Srdja Popovic and Mladen Joksic explain why humor is proving one of the most powerful weapons in the battle against autocracy.
Mohamed El Dahshan takes the Egyptian government to task for its crackdown on satirist Bassem Youssef.
Matt Andrews argues that institutional reform efforts are more likely to succeed when they incorporate local knowledge and interests.
Peter Murrell urges Mongolia to set tough terms for investors if it wants to maintain healthy growth over the long term.
In the run-up to this Sunday's presidential election in Venezuela, Juan Nagel analyzes weaknesses in the campaign of opposition leader Henrique Capriles.
And Mohamed Eljarh reports on why Libya's justice minister is standing his ground despite recent attacks by power-hungry militias.
And now for this week's recommended reads:
In a new report, Human Rights Watch accuses Côte d'Ivoire of failing to hold the guilty parties accountable following post-election violence in 2010.
The Egypt Independent reports that President Morsy's recent trip to Sudan (pictured above) has been delcared a success, citing agreements on several investment projects with President Omar al-Bashir, an accused war criminal.
International Crisis Group offers recommendations on how to avoid conflict through security sector reform.
Lauren Wolfe reports in The Atlantic that Syria's massive rape crisis is creating a nation of traumatized survivors.
Dilek Kurban and Ceren Sozeri of Turkish think tank TESEV offer recommendations on improving the climate for independent media in Turkey.
The Guardian showcases the realities of modern-day slavery around the world.
In The Daily Beast, David Keyes argues that allowing women to ride bikes should scarcely count as a significant reform of gender apartheid in Saudi Arabia.
The Center for Euro-Atlantic Studies identifies several threats to a sustainable peace agreement between Serbia and Kosovo.
Democracy Lab contributor Matt Andrews writes in The Guardian that the real "heroes" of development are not who we think they are.
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Henrique Capriles, the opposition candidate trying to replace the late Hugo Chávez in next week's special election, made "a big announcement" last Tuesday. One of his main campaign spokesmen, Ramón Guillermo Aveledo, told the media that they had recently discovered the ruling party had the passwords to the voting machines used by Venezuela's official electoral commission, the Consejo Nacional Electoral (CNE).
On Sunday, March 31, armed gunmen stormed Libya's Ministry of Justice. The gunmen (reportedly militia members under the Supreme Security Committee) threw Justice Minister Salah Marghani and his staff out of the building in protest over recent televised remarks the minister made during an interview with Libya AhrarTV.
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Mocking rulers is a tradition almost as old as rule itself. At times mockery is subtle and allegorical; at others it is blunt, sometimes gauche, but always funny. Some wonderful examples are the fables of Nasreldin Goha, a folkloric character rumored to have lived in thirteenth century Turkey. One of his jokes comes to mind:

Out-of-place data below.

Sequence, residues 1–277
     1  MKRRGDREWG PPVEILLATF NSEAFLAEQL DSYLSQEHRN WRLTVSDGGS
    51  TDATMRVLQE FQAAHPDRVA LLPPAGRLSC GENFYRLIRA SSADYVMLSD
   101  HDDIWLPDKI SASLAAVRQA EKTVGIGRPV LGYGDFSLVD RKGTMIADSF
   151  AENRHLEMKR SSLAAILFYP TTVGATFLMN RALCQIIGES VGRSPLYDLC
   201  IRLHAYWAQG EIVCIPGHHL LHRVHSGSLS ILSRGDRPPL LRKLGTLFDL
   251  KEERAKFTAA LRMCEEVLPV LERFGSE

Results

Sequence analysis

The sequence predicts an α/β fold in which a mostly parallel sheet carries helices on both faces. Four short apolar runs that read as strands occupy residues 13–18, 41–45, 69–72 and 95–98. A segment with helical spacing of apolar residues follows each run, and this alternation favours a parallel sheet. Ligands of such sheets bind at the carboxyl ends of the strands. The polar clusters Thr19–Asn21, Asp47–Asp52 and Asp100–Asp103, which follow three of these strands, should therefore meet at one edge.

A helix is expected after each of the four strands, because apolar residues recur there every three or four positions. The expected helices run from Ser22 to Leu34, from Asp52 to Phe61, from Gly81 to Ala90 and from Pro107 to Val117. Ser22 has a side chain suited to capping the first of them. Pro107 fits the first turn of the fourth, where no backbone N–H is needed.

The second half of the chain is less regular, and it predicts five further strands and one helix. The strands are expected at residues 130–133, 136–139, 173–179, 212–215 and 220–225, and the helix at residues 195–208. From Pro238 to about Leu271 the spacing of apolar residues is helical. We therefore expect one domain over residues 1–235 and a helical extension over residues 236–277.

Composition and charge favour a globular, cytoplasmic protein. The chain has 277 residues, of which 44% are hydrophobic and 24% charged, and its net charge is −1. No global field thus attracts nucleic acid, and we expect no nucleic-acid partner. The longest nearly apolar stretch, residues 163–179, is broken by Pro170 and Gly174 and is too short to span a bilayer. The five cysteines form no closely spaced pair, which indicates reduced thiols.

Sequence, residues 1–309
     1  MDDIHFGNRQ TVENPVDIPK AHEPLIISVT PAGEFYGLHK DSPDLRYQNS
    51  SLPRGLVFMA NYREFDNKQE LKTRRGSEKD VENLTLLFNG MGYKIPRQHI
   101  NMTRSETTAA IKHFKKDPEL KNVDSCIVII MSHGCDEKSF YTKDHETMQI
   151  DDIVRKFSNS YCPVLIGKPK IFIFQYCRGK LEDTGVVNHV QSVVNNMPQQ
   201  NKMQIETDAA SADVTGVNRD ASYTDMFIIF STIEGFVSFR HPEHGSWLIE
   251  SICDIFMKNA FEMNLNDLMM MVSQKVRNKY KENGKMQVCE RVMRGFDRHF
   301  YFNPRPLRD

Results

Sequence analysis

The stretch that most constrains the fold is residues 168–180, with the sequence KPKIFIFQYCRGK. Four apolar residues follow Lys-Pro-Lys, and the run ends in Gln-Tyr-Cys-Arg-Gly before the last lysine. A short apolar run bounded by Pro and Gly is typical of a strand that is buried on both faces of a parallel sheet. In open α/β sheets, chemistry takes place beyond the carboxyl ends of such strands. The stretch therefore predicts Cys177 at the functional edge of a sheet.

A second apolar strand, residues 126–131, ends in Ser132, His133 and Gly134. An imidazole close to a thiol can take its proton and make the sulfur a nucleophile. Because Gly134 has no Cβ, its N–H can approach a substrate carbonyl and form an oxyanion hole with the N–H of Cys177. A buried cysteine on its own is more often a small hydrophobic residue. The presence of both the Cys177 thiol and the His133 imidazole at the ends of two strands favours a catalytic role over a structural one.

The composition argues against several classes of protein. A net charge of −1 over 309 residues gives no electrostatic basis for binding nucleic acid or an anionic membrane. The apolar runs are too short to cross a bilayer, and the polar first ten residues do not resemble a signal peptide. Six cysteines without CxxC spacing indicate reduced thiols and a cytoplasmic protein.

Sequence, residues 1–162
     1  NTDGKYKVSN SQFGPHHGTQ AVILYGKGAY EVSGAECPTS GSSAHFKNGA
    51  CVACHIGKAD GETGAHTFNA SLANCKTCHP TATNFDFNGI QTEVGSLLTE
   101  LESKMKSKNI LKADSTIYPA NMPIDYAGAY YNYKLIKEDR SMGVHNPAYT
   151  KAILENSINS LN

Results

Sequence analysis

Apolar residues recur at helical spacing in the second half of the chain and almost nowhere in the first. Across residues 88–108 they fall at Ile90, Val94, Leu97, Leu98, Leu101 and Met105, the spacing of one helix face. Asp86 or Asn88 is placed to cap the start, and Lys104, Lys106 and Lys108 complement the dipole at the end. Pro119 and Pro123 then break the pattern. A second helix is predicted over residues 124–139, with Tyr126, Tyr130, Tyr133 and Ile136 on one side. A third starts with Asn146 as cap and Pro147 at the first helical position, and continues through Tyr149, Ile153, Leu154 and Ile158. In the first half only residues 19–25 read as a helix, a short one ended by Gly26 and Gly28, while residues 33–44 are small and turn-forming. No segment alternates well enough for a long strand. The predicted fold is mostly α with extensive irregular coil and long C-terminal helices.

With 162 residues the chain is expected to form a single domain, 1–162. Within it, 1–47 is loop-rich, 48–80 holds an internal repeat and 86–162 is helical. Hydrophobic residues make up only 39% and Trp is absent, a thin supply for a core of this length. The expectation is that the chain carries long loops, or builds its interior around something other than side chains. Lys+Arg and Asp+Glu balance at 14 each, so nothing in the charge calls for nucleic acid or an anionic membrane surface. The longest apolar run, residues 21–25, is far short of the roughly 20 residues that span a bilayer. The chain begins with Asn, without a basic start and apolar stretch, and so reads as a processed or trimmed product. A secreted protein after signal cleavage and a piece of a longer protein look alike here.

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A happy Easter to all those celebrating this week!
In the latest for our new Putinology column, Anna Nemtsova reveals the unruly forces that are troubling the Kremlin's security services.
Juan Nagel bemoans the absurdity of Nicolás Maduro's presidential campaign in Venezuela.
Mohamed Eljarh assesses a weak point in Libya's media reform that is essential to the country's democratic transition.
Jonathan Morduch and Timothy Ogden advocate using microfinance to meet the real financial needs of the world's poor.
Min Zin argues that Burma's political elite have failed their country in preventing a recurring pattern of ethnic violence.
Greg Rushford argues that it's not just the world's advanced economies driving trade inequality.
And now for this week's recommended reads:
Reporting for The New York Times, Alissa J. Rubin shares the economic hardships forcing an Afghani father to give away his daughter, and the government that won't support him.
In a new paper for the New America Foundation, Philip Napoli and Jonathan Obar examine the global phenomenon where new internet users are gaining access by using cell phones instead of computers.
International Crisis Group assesses the growing discontent in Eritrea and the potential for a violent power struggle.
In a recent Issue Perspective for the Center for Strategic and International Studies, Stephen Engelken argues that India and Pakistan need to expand their trade ties in order to maintain peace in South Asia.
Following Russia's latest crackdown on non-profits and activists, Russian journalist Masha Gessen writes for the International Herald Tribune, comparing the tactics to the Soviet Union.
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The field of journalism witnessed a huge expansion in Libya since the February 17, 2011 uprising. Under Qaddafi's rule, the media was tightly controlled. Freedom of expression was censored entirely Today there are 200 printed newspapers in Tripoli and Benghazi alone, and more than 18 satellite TV channels throughout the country, and the number is only increasing. However, the industry still has a long way to go before it can become a reliable source for many Libyans.
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Nicolás Maduro, the interim president of Venezuela, held a campaign rally the other night, where his supporters held up an oversized check -- similar to those used on game shows -- symbolically made out to "the people of Venezuela." The check was for 1.8 Billion bolivars, roughly 72 million U.S. dollars at market rates.
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Transitions is the group blog of the Democracy Lab channel, a collaboration between Foreign Policy and the Legatum Institute.